Say I have 1M of equity in futures account invested in mostly stocks and I was wondering if there is way to short 100K say of 5 year treasurys and withdraw proceeds and then pay it towards mortgage and let equities be buffer for the T note short and then take the proceeds and pay down my mortgage say it was 4.0%, then one can pocket the spread. In 4 years when one refinances he can take money out of house to cover the T bond short.

Was wondering if there was way to basically issue 5 year note at Treasury rate and borrow and then lend higher.
Yes, you can build it as follows:
1. Sell $150K of stocks (ideally something like SPY).
2. Buy 1 S&P e-mini future (notional value ~$150K).
3. Withdraw $150K of cash from your account.

You have just created a $150K loan with a floating interest rate near 3-month T-bills.

The problem is that short term interest rates could rise above your 4% hurdle, so you would like to hedge against that possibility and lock in a 2.5% spread.

Now do this:
4. Sell 1 5-year future (notional value $119K).

This hedges $119K of your $150K exposure to short term rates. One option is to say, "Close enough," and take the interest rate risk on $31K. Alternatively, you can sell $31K of intermediate bonds if you have them. Another option is to sell a 2-year future in addition to the 5-year future, the duration of the combination should be roughly $150K.

At this stage, you are hedged against changes in interest rates. However, your futures will need to be rolled each quarter. Also, you need to maintain two things: (1) size of loan, (2) duration of hedge to match duration of loan. The size of the loan will fluctuate with the S&P. Consider an extreme example where stocks drop by 50%. Suddenly your loan is only $75K. You would need to sell another $75K of stocks and buy another S&P e-mini future to get back to a $150K loan. The duration of the hedge will decline as you approach the date you plan to end the trade. Initially, you hedge for 5 years (using 5-year futures), eventually you'll want to hedge for only 2 years (using 2-year futures). In the final few months, you will not need to hedge any interest rate risk.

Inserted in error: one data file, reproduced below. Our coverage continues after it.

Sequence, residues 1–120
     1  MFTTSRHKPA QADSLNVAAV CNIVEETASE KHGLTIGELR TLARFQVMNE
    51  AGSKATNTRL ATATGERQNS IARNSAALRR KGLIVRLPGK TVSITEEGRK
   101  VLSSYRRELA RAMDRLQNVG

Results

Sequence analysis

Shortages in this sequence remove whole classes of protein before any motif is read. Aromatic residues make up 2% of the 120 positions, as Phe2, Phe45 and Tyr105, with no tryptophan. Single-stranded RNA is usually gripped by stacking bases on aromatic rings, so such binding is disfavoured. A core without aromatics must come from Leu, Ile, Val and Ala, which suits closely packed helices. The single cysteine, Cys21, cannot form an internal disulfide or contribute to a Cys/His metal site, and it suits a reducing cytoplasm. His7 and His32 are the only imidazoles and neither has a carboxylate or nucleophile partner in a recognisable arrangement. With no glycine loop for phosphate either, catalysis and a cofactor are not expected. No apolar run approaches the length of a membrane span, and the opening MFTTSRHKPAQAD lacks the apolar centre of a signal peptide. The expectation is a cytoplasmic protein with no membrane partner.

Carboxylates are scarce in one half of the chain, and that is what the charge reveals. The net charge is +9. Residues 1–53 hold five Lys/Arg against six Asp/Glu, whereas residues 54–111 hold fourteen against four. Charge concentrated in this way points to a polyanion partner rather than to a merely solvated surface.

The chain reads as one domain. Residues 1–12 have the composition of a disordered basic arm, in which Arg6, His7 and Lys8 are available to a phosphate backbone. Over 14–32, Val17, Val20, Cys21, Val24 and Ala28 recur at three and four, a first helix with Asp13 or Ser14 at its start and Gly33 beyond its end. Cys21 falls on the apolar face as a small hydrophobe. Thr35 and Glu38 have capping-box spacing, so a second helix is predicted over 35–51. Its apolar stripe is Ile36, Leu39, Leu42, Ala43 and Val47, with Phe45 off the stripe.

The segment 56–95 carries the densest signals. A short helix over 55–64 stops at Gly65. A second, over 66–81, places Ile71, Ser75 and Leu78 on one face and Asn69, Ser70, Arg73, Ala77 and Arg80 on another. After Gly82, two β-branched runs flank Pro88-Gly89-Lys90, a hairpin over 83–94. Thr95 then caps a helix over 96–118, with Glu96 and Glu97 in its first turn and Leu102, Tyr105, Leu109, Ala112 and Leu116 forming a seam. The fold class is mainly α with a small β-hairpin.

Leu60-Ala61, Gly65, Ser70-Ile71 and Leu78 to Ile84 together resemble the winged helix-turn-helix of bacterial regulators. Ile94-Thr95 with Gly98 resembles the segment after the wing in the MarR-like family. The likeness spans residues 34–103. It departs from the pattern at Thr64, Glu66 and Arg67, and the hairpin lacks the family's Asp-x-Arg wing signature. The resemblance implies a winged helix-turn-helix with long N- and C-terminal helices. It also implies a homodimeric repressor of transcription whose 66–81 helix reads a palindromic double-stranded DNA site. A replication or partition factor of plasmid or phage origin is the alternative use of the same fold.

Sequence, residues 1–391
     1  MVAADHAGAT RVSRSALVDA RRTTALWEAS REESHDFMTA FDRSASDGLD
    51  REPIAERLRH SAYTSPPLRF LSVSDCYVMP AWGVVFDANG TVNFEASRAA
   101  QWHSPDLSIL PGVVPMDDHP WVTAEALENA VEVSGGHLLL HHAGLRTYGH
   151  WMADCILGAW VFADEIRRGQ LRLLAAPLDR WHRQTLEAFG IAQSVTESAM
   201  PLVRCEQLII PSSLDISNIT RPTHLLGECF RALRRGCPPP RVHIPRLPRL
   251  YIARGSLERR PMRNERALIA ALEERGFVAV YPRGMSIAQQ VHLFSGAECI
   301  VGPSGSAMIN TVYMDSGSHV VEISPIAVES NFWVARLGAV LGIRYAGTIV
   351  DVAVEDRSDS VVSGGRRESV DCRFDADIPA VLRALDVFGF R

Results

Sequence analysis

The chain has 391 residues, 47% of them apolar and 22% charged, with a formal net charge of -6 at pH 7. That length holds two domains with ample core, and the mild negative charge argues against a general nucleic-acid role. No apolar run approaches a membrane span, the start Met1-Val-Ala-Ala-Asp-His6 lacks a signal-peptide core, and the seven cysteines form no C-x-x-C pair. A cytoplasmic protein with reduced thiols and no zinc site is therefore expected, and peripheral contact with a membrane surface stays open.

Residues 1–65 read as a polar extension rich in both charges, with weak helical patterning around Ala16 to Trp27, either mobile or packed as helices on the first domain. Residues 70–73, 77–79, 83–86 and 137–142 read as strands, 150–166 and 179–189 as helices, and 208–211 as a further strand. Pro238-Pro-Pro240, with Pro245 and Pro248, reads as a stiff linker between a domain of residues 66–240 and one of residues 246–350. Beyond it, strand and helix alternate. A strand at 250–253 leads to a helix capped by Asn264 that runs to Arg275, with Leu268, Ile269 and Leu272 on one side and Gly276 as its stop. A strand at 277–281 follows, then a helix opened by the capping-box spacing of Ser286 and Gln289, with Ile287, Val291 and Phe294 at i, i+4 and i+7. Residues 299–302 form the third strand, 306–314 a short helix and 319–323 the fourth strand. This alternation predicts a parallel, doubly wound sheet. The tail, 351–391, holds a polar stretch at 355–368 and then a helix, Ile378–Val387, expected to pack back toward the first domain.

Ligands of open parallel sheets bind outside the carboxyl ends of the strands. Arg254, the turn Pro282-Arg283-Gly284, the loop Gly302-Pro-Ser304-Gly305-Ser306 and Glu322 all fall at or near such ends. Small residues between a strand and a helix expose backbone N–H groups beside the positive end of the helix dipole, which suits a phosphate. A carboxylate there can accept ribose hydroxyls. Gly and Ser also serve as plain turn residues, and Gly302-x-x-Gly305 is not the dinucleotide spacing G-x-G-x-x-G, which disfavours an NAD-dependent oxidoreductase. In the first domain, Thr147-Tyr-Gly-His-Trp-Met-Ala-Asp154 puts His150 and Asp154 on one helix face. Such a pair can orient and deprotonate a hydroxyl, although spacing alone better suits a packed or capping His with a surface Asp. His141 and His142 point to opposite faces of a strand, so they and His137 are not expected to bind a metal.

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Re: That's enough for me in 2019

Post by SovereignInvestor » Thu Dec 05, 2019 9:13 pm

market timer wrote:
Thu Dec 05, 2019 8:58 pm
SovereignInvestor wrote:
Thu Dec 05, 2019 1:27 pm
Was looking to see if there's a way to borrow at basically Treasury rates. The opinion about valuation of market is totally separate and I should have been more clear.

Say I have 1M of equity in futures account invested in mostly stocks and I was wondering if there is way to short 100K say of 5 year treasurys and withdraw proceeds and then pay it towards mortgage and let equities be buffer for the T note short and then take the proceeds and pay down my mortgage say it was 4.0%, then one can pocket the spread. In 4 years when one refinances he can take money out of house to cover the T bond short.

Was wondering if there was way to basically issue 5 year note at Treasury rate and borrow and then lend higher.
Yes, you can build it as follows:
1. Sell $150K of stocks (ideally something like SPY).
2. Buy 1 S&P e-mini future (notional value ~$150K).
3. Withdraw $150K of cash from your account.

You have just created a $150K loan with a floating interest rate near 3-month T-bills.

The problem is that short term interest rates could rise above your 4% hurdle, so you would like to hedge against that possibility and lock in a 2.5% spread.

Now do this:
4. Sell 1 5-year future (notional value $119K).

This hedges $119K of your $150K exposure to short term rates. One option is to say, "Close enough," and take the interest rate risk on $31K. Alternatively, you can sell $31K of intermediate bonds if you have them. Another option is to sell a 2-year future in addition to the 5-year future, the duration of the combination should be roughly $150K.

At this stage, you are hedged against changes in interest rates. However, your futures will need to be rolled each quarter. Also, you need to maintain two things: (1) size of loan, (2) duration of hedge to match duration of loan. The size of the loan will fluctuate with the S&P. Consider an extreme example where stocks drop by 50%. Suddenly your loan is only $75K. You would need to sell another $75K of stocks and buy another S&P e-mini future to get back to a $150K loan. The duration of the hedge will decline as you approach the date you plan to end the trade. Initially, you hedge for 5 years (using 5-year futures), eventually you'll want to hedge for only 2 years (using 2-year futures). In the final few months, you will not need to hedge any interest rate risk.
This is very helpful. I am trying to follow an appreciate your patience.

I honestly am not concerned with the interest rate risk so I would just stick with the first part about replacing stock with E mini futures. The only issue there is my stock I plan to never sell and defer taxes but with futures it forces taxation of gains.

So no matter what one has to rollover E mini S&P futures quarterly?